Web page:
[Pnews] Rethinking White Men Behind Bars: Incorrigible Supremacists or Allies in Waiting?

Prisoner News ppnews at freedomarchives.org
Mon Apr 4 12:25:34 EDT 2016


*http://www.truth-out.org/news/item/35464-re-thinking-white-men-behind-bars-incorrigible-supremacists-or-allies-in-waiting*
*
**Rethinking White Men Behind Bars: Incorrigible Supremacists or Allies 
in Waiting?*

James Kilgore - April 1, 2016

Moments after I arrived in the living unit at the federal penitentiary 
in Lompoc, California, a young white man named Carl approached me. He 
seemed to be in charge of rolling out the welcome mat to all the white 
"new fish." He wore standard day room fare -- black work boots, white 
boxer shorts and no shirt. But the only thing I really noticed, while 
trying not to, was the six-inch, high ink portrait of Adolf Hitler on 
his upper arm. He asked me if I needed anything -- toothpaste, shower 
shoes, soap, Top Ramen Chili Beef. I politely declined the offers, shook 
his hand and thanked him for his hospitality. I did my best to keep my 
game face. People wearing Hitler on their arm was a new experience for 
me, but over the course of the next six years in prison, I would meet 
many Carls. Their tattoos came in many flavors: SS lightning bolts on 
the calf (a badge indicating a successful mission completed), "Skinhead" 
or "Peckerwood" in bold face across the chest, "thank God I'm white" on 
the back of the neck.

The most popular was the back arm tattoo in Old English letters, "white" 
down the left back arm, "pride," down the right. On one occasion, I 
would even receive an invitation to attend a party to celebrate the 
birthday of Martin Luther King Junior's assassin, James Earl Ray. 
Encounters with race hate became a significant part of my prison life. 
To survive, I had to acquire the skill of respectful conversation with 
people who sported a swastika on their forehead without indicating the 
slightest support for their ideology. In a moment when Donald Trump is 
opening the door to further public displays of white supremacy, I spend 
a lot of time thinking about the Carls of this world and their heirs, 
like young Dylann Roof. How do we halt the spread of their ideas of 
violent race hate?

For the most part, opponents of mass incarceration tend to ignore the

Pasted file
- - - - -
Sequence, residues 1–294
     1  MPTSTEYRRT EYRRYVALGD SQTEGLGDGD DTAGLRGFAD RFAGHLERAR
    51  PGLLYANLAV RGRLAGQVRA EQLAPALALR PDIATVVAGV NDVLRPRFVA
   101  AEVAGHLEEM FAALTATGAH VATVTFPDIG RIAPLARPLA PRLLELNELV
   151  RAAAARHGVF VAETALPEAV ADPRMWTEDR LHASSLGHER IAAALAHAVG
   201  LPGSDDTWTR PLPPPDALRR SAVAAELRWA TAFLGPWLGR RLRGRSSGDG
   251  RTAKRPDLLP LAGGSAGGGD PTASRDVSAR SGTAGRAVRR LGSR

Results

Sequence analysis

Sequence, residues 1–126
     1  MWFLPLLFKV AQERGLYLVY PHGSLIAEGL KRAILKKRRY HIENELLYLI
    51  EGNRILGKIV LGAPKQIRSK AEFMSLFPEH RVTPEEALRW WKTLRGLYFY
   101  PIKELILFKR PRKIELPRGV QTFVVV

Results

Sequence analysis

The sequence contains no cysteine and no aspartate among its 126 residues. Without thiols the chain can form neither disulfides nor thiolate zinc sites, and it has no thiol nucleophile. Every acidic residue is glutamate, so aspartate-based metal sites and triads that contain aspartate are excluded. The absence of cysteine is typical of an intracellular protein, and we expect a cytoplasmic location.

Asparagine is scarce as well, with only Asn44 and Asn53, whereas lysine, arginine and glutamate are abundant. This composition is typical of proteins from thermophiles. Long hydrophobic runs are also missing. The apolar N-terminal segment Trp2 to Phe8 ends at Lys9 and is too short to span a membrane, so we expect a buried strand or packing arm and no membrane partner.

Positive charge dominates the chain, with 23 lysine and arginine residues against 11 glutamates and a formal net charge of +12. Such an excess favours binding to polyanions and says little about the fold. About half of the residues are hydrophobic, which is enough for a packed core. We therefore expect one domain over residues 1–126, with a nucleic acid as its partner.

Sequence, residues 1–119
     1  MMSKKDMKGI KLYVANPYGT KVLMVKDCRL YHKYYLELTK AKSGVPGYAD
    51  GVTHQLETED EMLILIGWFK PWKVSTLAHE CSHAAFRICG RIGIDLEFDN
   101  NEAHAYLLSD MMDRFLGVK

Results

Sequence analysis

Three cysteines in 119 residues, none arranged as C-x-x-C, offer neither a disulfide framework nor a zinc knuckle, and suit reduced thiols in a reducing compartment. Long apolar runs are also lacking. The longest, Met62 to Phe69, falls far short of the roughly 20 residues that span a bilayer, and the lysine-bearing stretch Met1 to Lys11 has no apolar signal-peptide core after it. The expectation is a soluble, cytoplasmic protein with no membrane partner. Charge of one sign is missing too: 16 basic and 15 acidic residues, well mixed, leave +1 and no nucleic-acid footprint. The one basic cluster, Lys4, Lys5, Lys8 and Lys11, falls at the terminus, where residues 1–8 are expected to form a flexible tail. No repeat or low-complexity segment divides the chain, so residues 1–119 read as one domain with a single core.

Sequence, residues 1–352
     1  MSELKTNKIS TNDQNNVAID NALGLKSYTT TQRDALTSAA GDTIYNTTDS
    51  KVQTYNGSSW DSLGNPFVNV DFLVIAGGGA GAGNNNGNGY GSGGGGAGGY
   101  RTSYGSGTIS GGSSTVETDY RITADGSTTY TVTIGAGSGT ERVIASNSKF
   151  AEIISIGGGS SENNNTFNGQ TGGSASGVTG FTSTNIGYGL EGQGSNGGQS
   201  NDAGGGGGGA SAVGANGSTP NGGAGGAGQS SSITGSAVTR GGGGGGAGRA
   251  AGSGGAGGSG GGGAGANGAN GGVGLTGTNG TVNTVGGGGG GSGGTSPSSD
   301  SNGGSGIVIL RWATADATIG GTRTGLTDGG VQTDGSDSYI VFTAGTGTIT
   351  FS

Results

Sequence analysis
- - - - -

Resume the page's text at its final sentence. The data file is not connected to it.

presence of Carl and the hundreds of thousands of white men in our 
nation's prisons and jails. Doubtless large numbers of these 
incarcerated men back "The Donald." The complications of why some of the 
poorest sections of the white working class cast their lot with a 
bigoted billionaire instead of Black freedom movements or choose race 
war against fellow prisoners, rather than join forces to fight for 
better conditions, defy easy explanations. But it is time to again 
unpack the race-class paradox that at various key moments in US history 
has placed the racism of not very well-to-do white folks squarely in the 
path of societal transformation.

Rethinking White Men Behind Bars

A logical starting point in this analysis is recognizing that in the era 
of mass incarceration, the ranks of whites in prison have escalated 
enormously, from about 90,000 in 1980 to nearly half a million today. At 
about 450 per 100,000, white men are incarcerated at roughly three times 
the rate of the general population in the United Kingdom, the most 
prolific incarcerator in the G7. This is far less than the figure for 
Black (2,306) or "Hispanic" men (831). Yet, if considered as a nation, 
whites in the US would have a higher incarceration rate than every 
country in the world except for Thailand and Cuba, with more than 10 
million people. The reasons for rising white incarceration in many ways 
parallel what has happened to inner city communities of color. Situated 
at the bottom end of the white economic spectrum, the most vulnerable 
sectors of the white working class have lost their jobs to 
de-industrialization, lost access to welfare benefits, and been 
subjected to the vagaries of mandatory minimums and a secondary war on 
drugs -- attacks on methamphetamine use in small rural towns. While the 
scale of the activity of the militarized police in trailer parks and 
areas that elite Republicans are now calling "downscale communities" is 
not equivalent to what happens in the Black and Brown inner city, poor 
whites do not reside in police-free suburbs or university towns where